The Mississippi River, 40 Years Later
Denny Caneff (left) and Rolf Hagberg on September 3, 1975, on a sea wall in the South Pass of the Mississippi, where the river enters the Gulf of Mexico.
Last week (September 3) marked the 40th anniversary of the completion of a canoe trip down the length of the entire Mississippi, from the source at Lake Itasca, Minnesota, to the Gulf of Mexico. (That’s right: the river does not end at New Orleans.)
It’s a part of my history that not a lot of people know about because, in retrospect, it doesn’t seem like a very serious accomplishment. I mentioned the anniversary on Facebook, where a friend (a real one, not just that kind of friend) commented on Facebook that my current work was made for me.
I told her I’ve always been a river rat, and I can’t explain how or why. The thrill I had horsing around as a kid on a big river (the Mississippi) and a little river (the Vermillion) in my home river town of Hastings, Minnesota, is the same thrill I got, as an old kid, just yesterday, cooling off in the swift, bracing current of the Sugar River.
The anniversary of course has prompted reflection and introspection, about myself and my life, and about the river. Explaining myself is not why I want to write about this trip. Instead, the anniversary has prompted lots of thoughts about that Old Friend Change.
How has the river changed? asked one commentator on my good friend John Sullivan’s “Mississippi River Paddlers” Facebook page. I said, without much thought, that the river has improved in many ways. She was incredulous.
My canoeing partner Rolf Hagberg and I never, ever, swam in the Mississippi River, for 110 days. He and both grew up near the river (St. Paul, Hastings). We went to college at St. Cloud State University (Minnesota). We knew the river well enough to know you didn’t go in it. In fact, we were shocked to see how many people in Illinois and Iowa recreated in the river.
One day in my foolish youth I swam in the Mississippi downstream from a 3M Co. chemical plant, where my dad worked. When my mother picked me up to take me home from our day on the banks of the river, she remarked that I smelled like my father. Only years later did I realize I’d picked up in the river the taint of the chemicals 3M’s factory was dumping in it – the same chemicals that also permeated my dad’s clothing in his 35 years or working there. (You know the smell: Scotch tape.)
They just can’t, and don’t, do that anymore. Wastewater treatment is a huge success, for the Mississippi and all around the country. We can thank a federal law, the 1973 Clean Water Act, and the states that enforced it in the ensuing decades, for making our waters much cleaner. Perfectly clean, no, but vastly improved. It’s hard to imagine getting a Clean Water Act passed now. Clean air and water may have been the climate change equivalent back then, but legislators actually believed the science about water pollution then, and voted for water.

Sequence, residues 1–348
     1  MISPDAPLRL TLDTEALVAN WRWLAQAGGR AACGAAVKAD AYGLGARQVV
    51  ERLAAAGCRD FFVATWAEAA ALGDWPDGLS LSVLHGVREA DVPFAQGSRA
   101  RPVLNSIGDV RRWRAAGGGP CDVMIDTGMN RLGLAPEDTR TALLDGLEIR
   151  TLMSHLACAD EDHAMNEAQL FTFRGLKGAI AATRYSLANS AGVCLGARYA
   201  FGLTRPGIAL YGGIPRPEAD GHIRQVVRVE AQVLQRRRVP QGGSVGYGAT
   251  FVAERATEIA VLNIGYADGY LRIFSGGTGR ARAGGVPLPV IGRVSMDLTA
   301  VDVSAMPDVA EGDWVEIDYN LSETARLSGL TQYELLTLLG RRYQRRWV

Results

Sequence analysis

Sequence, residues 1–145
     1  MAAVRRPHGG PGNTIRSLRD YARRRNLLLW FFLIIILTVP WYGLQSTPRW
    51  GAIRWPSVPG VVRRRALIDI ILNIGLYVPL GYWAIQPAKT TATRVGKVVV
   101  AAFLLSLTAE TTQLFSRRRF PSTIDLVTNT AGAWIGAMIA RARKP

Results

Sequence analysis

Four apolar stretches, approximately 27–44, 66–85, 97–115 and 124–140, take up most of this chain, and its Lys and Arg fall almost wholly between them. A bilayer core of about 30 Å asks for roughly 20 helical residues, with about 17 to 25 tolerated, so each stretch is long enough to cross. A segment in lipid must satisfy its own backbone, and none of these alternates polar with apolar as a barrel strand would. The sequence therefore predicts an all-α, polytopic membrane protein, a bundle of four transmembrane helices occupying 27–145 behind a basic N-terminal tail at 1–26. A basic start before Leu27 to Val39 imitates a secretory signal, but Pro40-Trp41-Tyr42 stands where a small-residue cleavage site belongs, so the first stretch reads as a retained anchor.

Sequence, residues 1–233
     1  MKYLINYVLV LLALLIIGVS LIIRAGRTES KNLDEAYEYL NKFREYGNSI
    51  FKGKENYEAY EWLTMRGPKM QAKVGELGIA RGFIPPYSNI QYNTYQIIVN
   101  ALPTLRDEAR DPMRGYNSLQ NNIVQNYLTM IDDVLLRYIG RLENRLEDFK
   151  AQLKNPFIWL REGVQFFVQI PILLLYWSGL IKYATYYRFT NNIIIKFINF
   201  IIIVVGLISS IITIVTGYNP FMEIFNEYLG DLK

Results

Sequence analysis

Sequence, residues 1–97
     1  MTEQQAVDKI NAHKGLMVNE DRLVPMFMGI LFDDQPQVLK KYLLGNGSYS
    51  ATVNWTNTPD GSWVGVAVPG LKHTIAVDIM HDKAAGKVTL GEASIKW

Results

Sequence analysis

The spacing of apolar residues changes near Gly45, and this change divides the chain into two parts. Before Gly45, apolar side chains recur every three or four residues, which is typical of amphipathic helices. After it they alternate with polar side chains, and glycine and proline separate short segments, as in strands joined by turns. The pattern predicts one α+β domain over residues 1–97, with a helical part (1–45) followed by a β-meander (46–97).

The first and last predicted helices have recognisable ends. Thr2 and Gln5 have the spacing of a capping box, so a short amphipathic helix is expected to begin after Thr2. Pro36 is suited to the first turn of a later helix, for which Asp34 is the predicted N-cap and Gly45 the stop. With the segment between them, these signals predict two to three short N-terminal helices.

Two other big changes that strike me as I think about this 40-year time span is the kindness of strangers, and means of communications. Rolf and I traveled the river as journalist and photographer, and we used that pretext to walk our way into all kinds of things we had no business doing. But who could turn down a couple of scruffy college kids with a notebook and a camera – at least in that day? These days, I doubt the Corps of Engineers, a towboat pilot, a logging camp, an ocean-going cargo ship, and a deep sea fishing camp would be as unquestioningly open to inquiring young journalists now as what we experienced in 1975. John Sullivan catalogs “river angels” on his Facebook page. Clearly there are good and generous souls offering aid and succor to river travelers. But anyone with anything to “protect” from spies or terrorists or whatever threat, real or imagined, would never let you walk into their space without permission from six layers up in their organization.
I marvel at current Mississippi River travelers’ impromptu requests for a good campsite on the river for that night – from their Facebook accounts. We had none of our modern communications devices 40 years ago. This is not to crow about being tougher and wilier than thou. Rather it is to express my amusement at how we sent back dispatches for publication in Minnesota newspapers: Rolf would shoot rolls of film, not knowing what he really had on film. I would hand-write newspaper articles in a spiral notebook. This would all get shipped by mail to our college’s PR office, who typed (with a typewriter) my stories, and developed and printed the black and white pictures for newspaper use. (No one printed in color in those days.) We did 11 articles, all told, plus a small self-published book and a state-of-the-art (for the time) audio-visual show of the trip. Both those items are lost to time.
We’ll commemorate the trip with friends and family on September 12 in the Twin Cities. We’ll paddle about 13 miles out of the 2,300 we did in 1975. We’ll eat commemorative chocolate revel bars, the same sweet sustenance my mother would send down the river to us that whole summer, by general delivery.
Scores of people now make that same voyage every year, some even traveling upstream. It’s an accomplishment. For us then, and for anyone plying the river now, I can say that the Mississippi’s enduring current always flows in your veins.